See the First of 3 Straight Supermoons This Week

Get a look at the moon looking super.

Supermoon April 2021
Photo courtesy of Owen Humphreys/PA Images via Getty Images
Photo courtesy of Owen Humphreys/PA Images via Getty Images

Each time one comes around, there's debate about whether a supermoon has truly earned its "super" moniker. That's fair. Call it what you want, a supermoon lands this month, nonetheless. 

Supermoon is a colloquial title given to a perigee-syzygy moon, which takes place when a full moon is within 90% of its closest approach to Earth. The moon has an elliptical orbit, so at some times it's closer to Earth than at others. We'll get a supermoon—the first of three consecutive ones—on April 26. (Bonus: The second of the three will be a total lunar eclipse.) It'll be the first one since May of last year.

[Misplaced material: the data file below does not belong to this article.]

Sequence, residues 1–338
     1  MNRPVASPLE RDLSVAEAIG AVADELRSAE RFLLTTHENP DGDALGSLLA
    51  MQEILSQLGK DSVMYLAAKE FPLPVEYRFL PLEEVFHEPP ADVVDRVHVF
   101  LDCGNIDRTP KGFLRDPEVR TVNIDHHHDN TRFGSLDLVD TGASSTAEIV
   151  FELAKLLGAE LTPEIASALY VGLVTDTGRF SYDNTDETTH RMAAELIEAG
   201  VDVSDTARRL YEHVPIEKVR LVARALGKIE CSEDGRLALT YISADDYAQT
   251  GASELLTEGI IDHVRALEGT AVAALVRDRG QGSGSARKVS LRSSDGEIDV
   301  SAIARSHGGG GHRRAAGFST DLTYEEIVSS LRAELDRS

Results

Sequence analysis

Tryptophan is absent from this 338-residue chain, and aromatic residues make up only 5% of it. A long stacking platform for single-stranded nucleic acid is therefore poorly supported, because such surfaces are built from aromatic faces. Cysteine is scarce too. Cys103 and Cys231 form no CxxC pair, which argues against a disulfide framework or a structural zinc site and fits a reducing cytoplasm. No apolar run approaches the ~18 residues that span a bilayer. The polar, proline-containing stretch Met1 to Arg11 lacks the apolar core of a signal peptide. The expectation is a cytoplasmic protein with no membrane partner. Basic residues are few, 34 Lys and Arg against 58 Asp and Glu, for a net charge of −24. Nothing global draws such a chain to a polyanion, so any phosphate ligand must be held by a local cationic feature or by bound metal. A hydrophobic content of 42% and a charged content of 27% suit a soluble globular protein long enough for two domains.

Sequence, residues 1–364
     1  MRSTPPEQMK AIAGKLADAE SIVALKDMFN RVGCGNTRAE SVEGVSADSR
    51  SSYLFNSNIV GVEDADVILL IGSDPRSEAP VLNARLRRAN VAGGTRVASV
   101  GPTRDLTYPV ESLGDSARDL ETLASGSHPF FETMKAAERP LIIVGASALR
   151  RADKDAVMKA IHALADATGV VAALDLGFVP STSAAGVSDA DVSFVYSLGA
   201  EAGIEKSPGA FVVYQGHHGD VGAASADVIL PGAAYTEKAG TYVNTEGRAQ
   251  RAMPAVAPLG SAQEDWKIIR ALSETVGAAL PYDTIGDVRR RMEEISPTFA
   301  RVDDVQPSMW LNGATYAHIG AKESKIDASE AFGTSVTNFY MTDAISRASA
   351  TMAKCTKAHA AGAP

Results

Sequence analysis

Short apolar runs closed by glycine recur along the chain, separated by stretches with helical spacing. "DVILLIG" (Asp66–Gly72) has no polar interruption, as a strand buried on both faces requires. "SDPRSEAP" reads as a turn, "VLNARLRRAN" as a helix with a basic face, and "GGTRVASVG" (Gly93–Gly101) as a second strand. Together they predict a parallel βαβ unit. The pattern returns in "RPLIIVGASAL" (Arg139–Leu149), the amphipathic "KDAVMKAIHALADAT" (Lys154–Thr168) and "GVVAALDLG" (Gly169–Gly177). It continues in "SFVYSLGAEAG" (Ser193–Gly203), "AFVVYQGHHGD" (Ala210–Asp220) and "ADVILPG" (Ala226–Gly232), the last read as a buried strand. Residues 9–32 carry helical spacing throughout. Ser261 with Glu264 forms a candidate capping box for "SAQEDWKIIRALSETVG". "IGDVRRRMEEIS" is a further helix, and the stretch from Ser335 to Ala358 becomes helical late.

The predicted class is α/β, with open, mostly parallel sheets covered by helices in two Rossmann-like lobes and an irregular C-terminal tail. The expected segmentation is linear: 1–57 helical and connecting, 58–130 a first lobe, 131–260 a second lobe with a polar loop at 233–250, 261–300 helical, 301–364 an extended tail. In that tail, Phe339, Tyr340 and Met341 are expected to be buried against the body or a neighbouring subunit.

April supermoon 2021
NASA/JPL Caltech

The debate around the name stems from the supermoon only being a little super. It is slightly larger than an average full moon, and it's slightly brighter. Slightly is an appropriate word there. It's not a great deal brighter. It's around 14% larger and 30% brighter than a micromoon, which is what we get when the moon is at its apogee or the furthest point from Earth in its orbit. While 14% does make it bigger, it's not a significant difference. For instance, if Justice League was 14% better, it'd be Zack Snyder's Justice League. It's better, but it's still Justice League in the end. (Is that helping, or does that make it more confusing?)

Still, we're allowed to enjoy things. Go out and admire the moon. If you feel up to it, call it super.

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Dustin Nelson is a Senior Staff Writer at Thrillist. Follow Dustin Nelson on Twitter.